Q7) For someone who hasn’t experienced any mental health problems themselves, it can be difficult to understand how it feels to be mentally ill. Could you explain to my readers what depression and anxiety feels like to you?
Mari : I can only speak to my own experience of course, but the most surprising thing about depression for me is that it felt like…nothing. We often use “depression” and “sadness” as synonyms, but the hallmark of my experience with depression is that it felt like: not wanting anything. Lack of desire. Lack of interest and curiosity. It’s sort of a numb experience where there’s nothing particularly interesting or compelling, which for someone like me (who is interested in everything!) was extremely disturbing.
Q8) How was your experience of writing the book? What was the hardest chapter for you to write?
Mari : I loved every moment of writing this book. It was the privilege of a lifetime to get to write exactly what I wanted. The hardest chapter was writing about creative block, because I was actually quite creatively-blocked while I wrote it! It ended up being a cathartic piece because I was experiencing a long lack of inspiration as I was writing about the lack of inspiration — very meta!
Q9) I’m a recovering perfectionist myself, so it wasn’t a surprise how many individuals mentioned the appearance of their homes or their children or how they look. And technology fuels the flames with carefully filtered and curated social media feeds showing the happiest, prettiest and shiniest events in all of our lives. Do you think that toxic perfectionism acts as a contributor to depression?
Mari : I’m not sure how it is for other people, but I know that social media can be a very dangerous place to be when I’m feeling particularly raw and tender and susceptible to comparison. The comparison can be so in-your-face, not something you have to actively seek out. I try very hard to keep my focus away from external validation, which can only be a temporary satisfaction, and instead rely on my community and my own experience of joy for my validation. It’s a daily, deliberate, and difficult practice!
Q10) Is writing a way out of depression?
Mari : No, I don’t think so, but I do think that writing can help us give meaning to our most difficult experiences — depression included.
Q11) Has what you’ve learned by writing this book helped to alleviate your depression? Are you, for want of a better phrase, a happier person?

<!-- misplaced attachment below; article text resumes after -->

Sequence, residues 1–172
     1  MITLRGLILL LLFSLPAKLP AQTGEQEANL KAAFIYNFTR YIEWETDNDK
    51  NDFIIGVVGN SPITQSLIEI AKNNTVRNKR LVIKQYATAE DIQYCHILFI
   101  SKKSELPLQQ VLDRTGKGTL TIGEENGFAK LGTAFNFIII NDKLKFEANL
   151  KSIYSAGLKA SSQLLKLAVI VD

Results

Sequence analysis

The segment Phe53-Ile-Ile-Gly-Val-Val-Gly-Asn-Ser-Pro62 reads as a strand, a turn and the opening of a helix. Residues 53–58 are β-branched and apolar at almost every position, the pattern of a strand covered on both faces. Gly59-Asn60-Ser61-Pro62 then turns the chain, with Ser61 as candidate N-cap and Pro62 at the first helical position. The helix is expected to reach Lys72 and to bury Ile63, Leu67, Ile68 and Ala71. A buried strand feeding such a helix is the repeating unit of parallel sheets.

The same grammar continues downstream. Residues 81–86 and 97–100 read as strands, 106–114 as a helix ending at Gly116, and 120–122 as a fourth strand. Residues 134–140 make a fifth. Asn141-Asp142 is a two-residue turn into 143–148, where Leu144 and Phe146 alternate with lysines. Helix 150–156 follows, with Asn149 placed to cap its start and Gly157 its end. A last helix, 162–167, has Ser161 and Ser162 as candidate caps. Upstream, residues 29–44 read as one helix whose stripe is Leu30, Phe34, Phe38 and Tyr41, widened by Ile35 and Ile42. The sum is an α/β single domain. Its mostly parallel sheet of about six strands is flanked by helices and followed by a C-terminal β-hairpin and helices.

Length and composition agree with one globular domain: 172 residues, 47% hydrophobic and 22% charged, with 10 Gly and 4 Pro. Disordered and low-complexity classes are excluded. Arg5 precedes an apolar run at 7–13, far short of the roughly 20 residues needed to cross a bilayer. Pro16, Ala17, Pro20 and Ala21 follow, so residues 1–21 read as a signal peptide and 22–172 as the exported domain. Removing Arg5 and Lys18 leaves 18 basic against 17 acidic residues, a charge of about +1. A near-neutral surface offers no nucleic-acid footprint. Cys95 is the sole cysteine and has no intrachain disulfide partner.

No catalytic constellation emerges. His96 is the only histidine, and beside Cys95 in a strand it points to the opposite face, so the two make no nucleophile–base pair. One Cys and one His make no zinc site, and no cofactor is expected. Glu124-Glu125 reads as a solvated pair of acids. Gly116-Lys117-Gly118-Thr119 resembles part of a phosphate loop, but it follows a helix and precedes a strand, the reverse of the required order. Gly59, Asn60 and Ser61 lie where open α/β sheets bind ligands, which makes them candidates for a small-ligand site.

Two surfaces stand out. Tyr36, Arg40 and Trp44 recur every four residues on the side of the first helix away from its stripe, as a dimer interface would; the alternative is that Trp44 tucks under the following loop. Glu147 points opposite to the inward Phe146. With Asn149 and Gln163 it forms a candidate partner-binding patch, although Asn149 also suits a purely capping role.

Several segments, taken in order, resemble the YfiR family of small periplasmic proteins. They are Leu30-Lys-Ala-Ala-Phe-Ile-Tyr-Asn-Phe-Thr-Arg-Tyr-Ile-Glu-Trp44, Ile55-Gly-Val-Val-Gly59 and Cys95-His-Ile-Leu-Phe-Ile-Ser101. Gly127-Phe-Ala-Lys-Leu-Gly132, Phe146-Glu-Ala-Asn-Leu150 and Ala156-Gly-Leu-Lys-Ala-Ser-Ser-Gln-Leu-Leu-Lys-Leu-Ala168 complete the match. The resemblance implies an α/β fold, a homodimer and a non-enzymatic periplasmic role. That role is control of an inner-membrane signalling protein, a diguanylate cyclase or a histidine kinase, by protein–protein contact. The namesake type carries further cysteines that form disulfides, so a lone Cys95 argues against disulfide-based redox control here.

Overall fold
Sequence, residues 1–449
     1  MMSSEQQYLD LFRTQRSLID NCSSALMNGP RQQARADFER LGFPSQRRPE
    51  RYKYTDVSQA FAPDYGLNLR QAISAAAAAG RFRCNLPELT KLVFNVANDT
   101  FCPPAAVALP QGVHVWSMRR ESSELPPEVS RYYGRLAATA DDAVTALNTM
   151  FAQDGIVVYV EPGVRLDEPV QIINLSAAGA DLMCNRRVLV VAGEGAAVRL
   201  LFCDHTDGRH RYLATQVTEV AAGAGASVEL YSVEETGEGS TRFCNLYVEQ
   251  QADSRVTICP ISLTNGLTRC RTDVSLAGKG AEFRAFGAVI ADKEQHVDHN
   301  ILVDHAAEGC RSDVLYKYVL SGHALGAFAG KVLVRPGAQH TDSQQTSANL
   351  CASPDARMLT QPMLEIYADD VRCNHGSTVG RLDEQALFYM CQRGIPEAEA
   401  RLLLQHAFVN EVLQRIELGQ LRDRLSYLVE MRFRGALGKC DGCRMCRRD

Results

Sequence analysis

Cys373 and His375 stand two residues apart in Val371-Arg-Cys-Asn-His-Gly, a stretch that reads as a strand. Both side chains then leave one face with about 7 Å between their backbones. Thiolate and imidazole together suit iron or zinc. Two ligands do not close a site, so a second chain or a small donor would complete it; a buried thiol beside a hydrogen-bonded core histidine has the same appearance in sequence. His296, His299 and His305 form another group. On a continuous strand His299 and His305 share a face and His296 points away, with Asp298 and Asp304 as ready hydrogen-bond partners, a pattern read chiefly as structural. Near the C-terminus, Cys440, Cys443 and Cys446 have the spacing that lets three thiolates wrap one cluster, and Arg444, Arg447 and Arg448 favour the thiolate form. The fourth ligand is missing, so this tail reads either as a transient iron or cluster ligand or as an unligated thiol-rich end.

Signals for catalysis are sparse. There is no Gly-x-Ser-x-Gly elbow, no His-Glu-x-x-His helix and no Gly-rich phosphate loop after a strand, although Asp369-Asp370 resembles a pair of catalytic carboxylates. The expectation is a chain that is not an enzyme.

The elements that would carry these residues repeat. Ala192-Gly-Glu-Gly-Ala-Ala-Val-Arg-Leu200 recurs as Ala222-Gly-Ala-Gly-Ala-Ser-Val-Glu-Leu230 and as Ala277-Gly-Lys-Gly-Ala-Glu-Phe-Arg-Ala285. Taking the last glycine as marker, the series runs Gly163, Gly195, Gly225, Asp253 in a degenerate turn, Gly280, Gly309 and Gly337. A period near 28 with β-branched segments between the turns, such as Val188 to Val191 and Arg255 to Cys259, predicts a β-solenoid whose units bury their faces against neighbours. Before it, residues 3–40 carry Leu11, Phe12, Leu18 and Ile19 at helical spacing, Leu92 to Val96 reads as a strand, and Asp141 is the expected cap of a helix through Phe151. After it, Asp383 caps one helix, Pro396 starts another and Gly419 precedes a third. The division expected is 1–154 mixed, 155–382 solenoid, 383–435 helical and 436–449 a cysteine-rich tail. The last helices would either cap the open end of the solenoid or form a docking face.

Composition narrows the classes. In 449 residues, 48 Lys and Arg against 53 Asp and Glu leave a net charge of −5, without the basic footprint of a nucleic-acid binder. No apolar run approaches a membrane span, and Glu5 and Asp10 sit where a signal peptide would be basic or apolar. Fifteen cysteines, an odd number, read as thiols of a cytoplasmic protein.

Mari : I was writing this book from hindsight; I personally wouldn’t have been able to write from a depressed place because depression robs me first of my creativity before anything else. I was grateful to get to dig into some of these more painful parts of life and track my own journey into healing. Happiness is never a goal of mine, but the word “healing” comes from the word “wholeness” and I do feel more whole after having gone through some of these really difficult times. I’m lucky to have a lot of help and a beautiful community, and all that support certainly bolstered me as I wrote about these topics.
Q12) I’d love to hear about some of your mental health book recommendations!
Mari : Everything by Matt Haig!
Q13) One last question! What’s one piece of advice you would give to an aspiring illustrator, writer or artist? On a personal level, I was wondering when you reflect on your life as an illustrator have you learned any lessons about life, or obtained any particular perspective?
Mari : As cliche as it sounds, my best advice is: be yourself. You are the only person who has ever been you, which means you have a completely original perspective and gift to offer the world. If you’re inclined toward art and writing, it probably means that you’ve spent a lot of time observing, and you have some ways to teach the world to pay attention and look deeper. I’ve only been able to do the things I’ve done because I’ve stayed true to what I wanted to say and how I’ve wanted to say it, and fortunately it’s been well-received! I’ve learned to stay true to my North Star, my guiding mission and set of values, and that’s a challenging but very rewarding way to create and go through life.
Thank you all for reading and a big thanks to Mari Andrew for collaborating in today’s post!
It’s a pleasure!
Website : https://bymariandrew.com/
Instagram : https://www.instagram.com/bymariandrew/
Twitter : https://twitter.com/bymariandrew
Last year, I had the opportunity to interview some of my favorite individuals who at one time seemed like distant internet celebrities I could never reach. I appreciate each and every reader — who took time to get to know them, learn from their experience. In case you missed them, here’s a recap:
Shakespeare & Co. Paris : An Interview with Sylvia Whitman https://medium.com/myfirst/shakespeare-company-paris-an-interview-with-sylvia-whitman-483c3d601e99
Harvard Book Store : An Interview with Jeffrey Mayersohn https://medium.com/myfirst/interview-with-jeffrey-mayersohn-co-owner-of-harvard-book-store-b031ef968cf6
City Lights Books : An Interview with Paul Yamazaki https://medium.datadriveninvestor.com/city-lights-books-an-interview-with-paul-yamazaki-principal-buyer-at-the-bookshop-bbf95c03b37a
Trilogy Bookstore & Library : An Interview with Ahalya Naidu https://medium.datadriveninvestor.com/interview-with-founders-of-trilogy-the-eternal-library-a-readers-paradise-in-bandra-mumbai-d2d4e6d12342
Interview with Bob Eckstein & Jason Chatfield https://medium.datadriveninvestor.com/interview-with-bob-eckstein-new-york-times-best-selling-author-new-yorker-cartoonist-b6732218d062 https://medium.datadriveninvestor.com/interview-with-jason-chatfield-president-national-cartoonists-society-cartoonist-for-new-bc483559b111
Paris Letters : An Interview with Janice Macleod https://medium.com/swlh/paris-letters-an-interview-with-janice-macleod-8396d04bf1e